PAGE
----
Supreme Court Precedents Say Congress Must Make Immigration Policy—Not International Bureaucrats

[Also by Juan Mann on the SPP:

The ongoing scandal of the
internationalist

Security and Prosperity Partnership of North America

[SPP] continues unabated despite the recent

demand for full disclosure
by Congressman Tom
Tancredo.

Behind-closed-doors "working
groups"
of unelected bureaucrats from

Canada
,

Mexico
and the

United States
have been hammering away at the

sovereignty
of these three countries—apparently
seeking to

merge
them into a

regional superstate
.

But now the debate is in the open.
And here`s my contribution: over 100 years of United
States Supreme Court precedent on immigration law cries
out against this sell-out.

Since the late 19th Century, the
Supreme Court has acknowledged the unequivocal authority
of Congress in setting immigration law and policy.

According to this body of Supreme
Court case law, Congress alone can make the rules on
this issue, with delegation thereafter to executive
branch officers to

carry out the policy
.

Any future "agreements" by

SPP bureaucrats
would have absolutely no authority
in law unless ratified by Congress.

Now, if SPP

border-busting
language creating the

"free flow of people"
throughout North
America were somehow

rammed through Congress in the dead of night
, that
would be another story. My argument would not apply if
it could be said that Congress had approved an SPP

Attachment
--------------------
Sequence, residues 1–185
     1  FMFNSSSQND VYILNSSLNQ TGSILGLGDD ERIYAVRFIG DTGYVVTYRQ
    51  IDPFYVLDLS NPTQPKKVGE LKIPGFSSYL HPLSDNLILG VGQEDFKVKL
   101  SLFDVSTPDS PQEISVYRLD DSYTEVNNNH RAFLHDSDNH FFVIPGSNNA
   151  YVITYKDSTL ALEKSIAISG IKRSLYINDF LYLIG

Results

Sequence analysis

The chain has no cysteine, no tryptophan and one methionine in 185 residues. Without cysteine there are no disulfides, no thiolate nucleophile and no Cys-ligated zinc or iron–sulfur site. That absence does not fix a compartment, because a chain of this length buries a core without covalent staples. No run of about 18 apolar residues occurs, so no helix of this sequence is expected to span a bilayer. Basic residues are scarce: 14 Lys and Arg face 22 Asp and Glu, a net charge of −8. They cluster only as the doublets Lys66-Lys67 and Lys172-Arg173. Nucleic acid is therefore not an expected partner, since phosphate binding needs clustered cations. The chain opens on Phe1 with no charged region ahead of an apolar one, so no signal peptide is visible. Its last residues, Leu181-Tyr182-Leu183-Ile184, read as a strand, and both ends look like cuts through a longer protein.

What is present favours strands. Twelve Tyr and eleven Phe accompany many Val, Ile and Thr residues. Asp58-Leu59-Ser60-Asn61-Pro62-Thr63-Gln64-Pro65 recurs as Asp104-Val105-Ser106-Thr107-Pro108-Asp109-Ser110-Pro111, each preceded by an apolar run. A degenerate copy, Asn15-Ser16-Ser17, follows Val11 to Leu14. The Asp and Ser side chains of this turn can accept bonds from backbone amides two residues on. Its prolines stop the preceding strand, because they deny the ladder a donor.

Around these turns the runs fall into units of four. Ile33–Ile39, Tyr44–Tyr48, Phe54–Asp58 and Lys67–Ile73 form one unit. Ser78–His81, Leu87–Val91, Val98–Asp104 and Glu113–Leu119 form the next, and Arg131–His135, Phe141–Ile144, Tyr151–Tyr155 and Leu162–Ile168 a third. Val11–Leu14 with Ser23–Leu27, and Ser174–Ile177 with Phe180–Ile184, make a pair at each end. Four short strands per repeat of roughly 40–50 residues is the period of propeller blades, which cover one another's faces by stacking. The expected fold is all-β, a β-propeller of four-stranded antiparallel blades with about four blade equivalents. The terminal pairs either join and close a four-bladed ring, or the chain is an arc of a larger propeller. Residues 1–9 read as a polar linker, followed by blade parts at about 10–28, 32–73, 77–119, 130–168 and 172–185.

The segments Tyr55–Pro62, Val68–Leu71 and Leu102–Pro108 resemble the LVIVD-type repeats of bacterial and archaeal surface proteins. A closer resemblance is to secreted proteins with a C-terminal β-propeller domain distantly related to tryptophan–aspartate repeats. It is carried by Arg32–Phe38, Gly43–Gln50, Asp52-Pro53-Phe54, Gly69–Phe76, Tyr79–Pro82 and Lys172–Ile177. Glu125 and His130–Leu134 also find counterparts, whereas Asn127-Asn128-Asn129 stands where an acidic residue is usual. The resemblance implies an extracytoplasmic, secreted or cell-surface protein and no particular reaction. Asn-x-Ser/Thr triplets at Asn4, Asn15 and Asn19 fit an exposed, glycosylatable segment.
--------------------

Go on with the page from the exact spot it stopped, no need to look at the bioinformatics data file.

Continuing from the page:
immigration scheme.

But, as of now, that hasn`t
happened. And as long as the SPP`s behind-closed-doors
immigration policy-writing continues without
Congressional authority—indeed, without Congress`
knowledge—it violates the clear authority of Congress as
the sole author and guardian of

American immigration law.

There is an interconnected body of

Supreme Court case law
recognizing the plenary power
of Congress over immigration law enforcement.

The story begins with the Chinese
exclusion cases in the 1880s and moves on to decisions
involving the exclusion and deportation of various

anarchists
,

Communist party
members,

subversives
and even of an

admitted homosexual
under the

then existing
"psychopathic personality"
grounds for exclusion.

The particular grounds discussed in
these cases would no doubt be objectionable to many
today. But these cases cannot simply be dismissed or
disregarded as "racist,"
"discriminatory" or "unfair."
They remain as valid precedent, recognizing the
unquestioned power of Congress to set the standards for
the

admission, detention and deportation
of

foreign nationals
. And, of course, this power is
also an inherent attribute of

American sovereignty.

The case law citations of these
"old chestnuts"
(lawyers`
shorthand
for venerated classic cases) appear in
some of the most recent Supreme Court cases upholding

detention
and

deportation
provisions as written by Congress.
Bottom line: they`re still

good law
.

So any future wholesale admission